Direct + clear + honest + open + constructive feedback = fast pace + strong motivation + top quality output
Impact: through small actions and big ideas alike, we’re changing the future of work
The whole ethos behind working at Kalido is for our ideas and actions to have value, and make a positive difference to our users and our colleagues. This means delivering quickly and thoughtfully on tasks, and pushing ourselves to reach our potential. It also means being empowered to debate the value of tasks if the impact is unclear.
Amy, Head of Design & Frontend: “For me, impact is about helping people on my team to make their stamp on the product so they can see the difference they’ve made. This could be inspirational work on a new product feature, pushing back on a bad use of time, or questioning the path a strategy is taking.
“And it’s not just about the work itself. Being mindful of your words and the way they impact other people is especially important when working remotely as it’s harder to read people’s reactions and emotions. Impact is about personal impact on the team as well, doing things like letting people know if you’re not at full capacity so you can help your teammates out when they’re under pressure.”
Phlippie encourages his team to have impact by keeping the ‘Boy Scout Rule’ front of mind. “If you touch something in the product, leave it better than you found it. Take five minutes to make things clearer and better. Any time we’re working on a feature that involves user experience, we try to use our autonomous decision-making and experience to make the changes that will improve it for the user. It’s as simple as: if something looks funny, take the extra bit of time to make it look good.”
In fact, making things better is a theme at Kalido, with our now legendary ‘Make It Better Day’. New in 2021, Make It Better Day came from a discussion between Lead Architect Hein and Co-founder Ashvin, where Hein raised that he kept finding small things about the product that bothered him and that he’d like to fix, but it was hard to find the time when there were bigger issues that required his attention. They started brainstorming ideas about how the little things could be prioritised, if only for a day. And they felt that a team-building context was important so that people worked together on these things, preferably cross-team wherever possible to give different perspectives.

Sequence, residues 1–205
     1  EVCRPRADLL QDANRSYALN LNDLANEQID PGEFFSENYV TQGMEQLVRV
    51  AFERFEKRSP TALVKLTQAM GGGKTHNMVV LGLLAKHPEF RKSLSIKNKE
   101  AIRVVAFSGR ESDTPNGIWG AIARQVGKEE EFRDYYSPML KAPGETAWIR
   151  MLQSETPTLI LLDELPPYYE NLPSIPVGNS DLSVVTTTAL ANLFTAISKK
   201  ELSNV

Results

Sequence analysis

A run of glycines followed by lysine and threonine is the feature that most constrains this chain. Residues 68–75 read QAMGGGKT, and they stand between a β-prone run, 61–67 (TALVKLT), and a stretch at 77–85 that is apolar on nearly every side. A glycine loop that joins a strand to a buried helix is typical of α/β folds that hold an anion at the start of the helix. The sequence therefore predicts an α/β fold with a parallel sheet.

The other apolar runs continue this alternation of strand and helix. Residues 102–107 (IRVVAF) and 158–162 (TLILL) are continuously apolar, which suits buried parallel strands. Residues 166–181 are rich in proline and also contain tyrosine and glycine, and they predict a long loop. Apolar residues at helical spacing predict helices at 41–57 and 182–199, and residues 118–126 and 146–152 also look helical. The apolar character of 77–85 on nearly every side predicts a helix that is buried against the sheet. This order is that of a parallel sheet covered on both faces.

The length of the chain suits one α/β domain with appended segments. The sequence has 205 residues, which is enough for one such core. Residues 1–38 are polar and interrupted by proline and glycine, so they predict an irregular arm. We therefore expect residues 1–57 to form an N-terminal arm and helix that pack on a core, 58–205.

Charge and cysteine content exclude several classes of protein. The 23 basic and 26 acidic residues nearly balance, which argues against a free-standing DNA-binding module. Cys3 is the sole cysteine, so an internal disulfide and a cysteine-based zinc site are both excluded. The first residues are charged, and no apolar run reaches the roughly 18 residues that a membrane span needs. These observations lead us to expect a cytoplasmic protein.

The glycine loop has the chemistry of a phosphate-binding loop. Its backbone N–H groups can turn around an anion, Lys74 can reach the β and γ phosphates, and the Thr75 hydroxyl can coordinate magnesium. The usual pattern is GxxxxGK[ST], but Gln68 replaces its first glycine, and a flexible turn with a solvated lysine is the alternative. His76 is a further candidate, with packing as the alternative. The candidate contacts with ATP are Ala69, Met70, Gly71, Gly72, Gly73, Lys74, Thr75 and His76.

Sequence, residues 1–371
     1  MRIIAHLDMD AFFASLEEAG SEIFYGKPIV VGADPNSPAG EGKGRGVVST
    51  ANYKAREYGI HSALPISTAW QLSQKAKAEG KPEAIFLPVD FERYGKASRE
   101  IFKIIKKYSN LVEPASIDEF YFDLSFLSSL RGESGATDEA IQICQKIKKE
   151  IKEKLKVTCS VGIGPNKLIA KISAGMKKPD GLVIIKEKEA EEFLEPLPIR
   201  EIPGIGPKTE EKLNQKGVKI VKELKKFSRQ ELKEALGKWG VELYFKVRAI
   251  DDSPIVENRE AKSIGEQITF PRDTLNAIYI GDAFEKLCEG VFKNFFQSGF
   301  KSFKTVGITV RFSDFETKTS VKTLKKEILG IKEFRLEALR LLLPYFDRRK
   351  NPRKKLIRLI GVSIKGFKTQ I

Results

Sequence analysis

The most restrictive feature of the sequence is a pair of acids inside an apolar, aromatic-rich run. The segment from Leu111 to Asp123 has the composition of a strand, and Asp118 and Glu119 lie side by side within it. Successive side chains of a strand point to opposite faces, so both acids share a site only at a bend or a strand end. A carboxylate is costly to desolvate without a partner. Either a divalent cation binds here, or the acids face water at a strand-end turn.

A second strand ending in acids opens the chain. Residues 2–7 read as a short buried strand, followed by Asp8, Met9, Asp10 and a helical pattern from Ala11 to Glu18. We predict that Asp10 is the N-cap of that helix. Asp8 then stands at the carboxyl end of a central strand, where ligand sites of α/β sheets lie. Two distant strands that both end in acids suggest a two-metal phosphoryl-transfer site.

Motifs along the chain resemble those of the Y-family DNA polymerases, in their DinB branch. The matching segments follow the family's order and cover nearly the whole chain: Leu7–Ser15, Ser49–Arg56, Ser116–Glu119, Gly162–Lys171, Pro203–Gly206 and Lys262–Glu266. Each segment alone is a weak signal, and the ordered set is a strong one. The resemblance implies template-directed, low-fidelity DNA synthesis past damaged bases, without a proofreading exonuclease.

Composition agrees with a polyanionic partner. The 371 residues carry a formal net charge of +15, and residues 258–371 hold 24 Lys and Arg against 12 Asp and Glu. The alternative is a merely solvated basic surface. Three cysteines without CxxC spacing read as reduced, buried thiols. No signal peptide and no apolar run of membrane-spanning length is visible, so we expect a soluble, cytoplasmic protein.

Make It Better Day was born! A whole day around once a month to pick something about Kalido that you think should – and could – be made better. A Make It Better Trello board hosts everyone’s ideas about what they want to fix or improve so other people right across the team can join. The goal is for everyone to work with someone junior or senior – bonus points if it’s someone you don’t usually work with day-to-day – and to learn something, to teach someone something and, above all, to have fun doing it.
Despite being in its infancy, Make It Better Day has already had great results across product, design and marketing, and has sown some seeds for exciting developments in the future.
Small or large actions + delivering quickly + pushing for your potential + making your mark + take the extra time to improve = Make It Better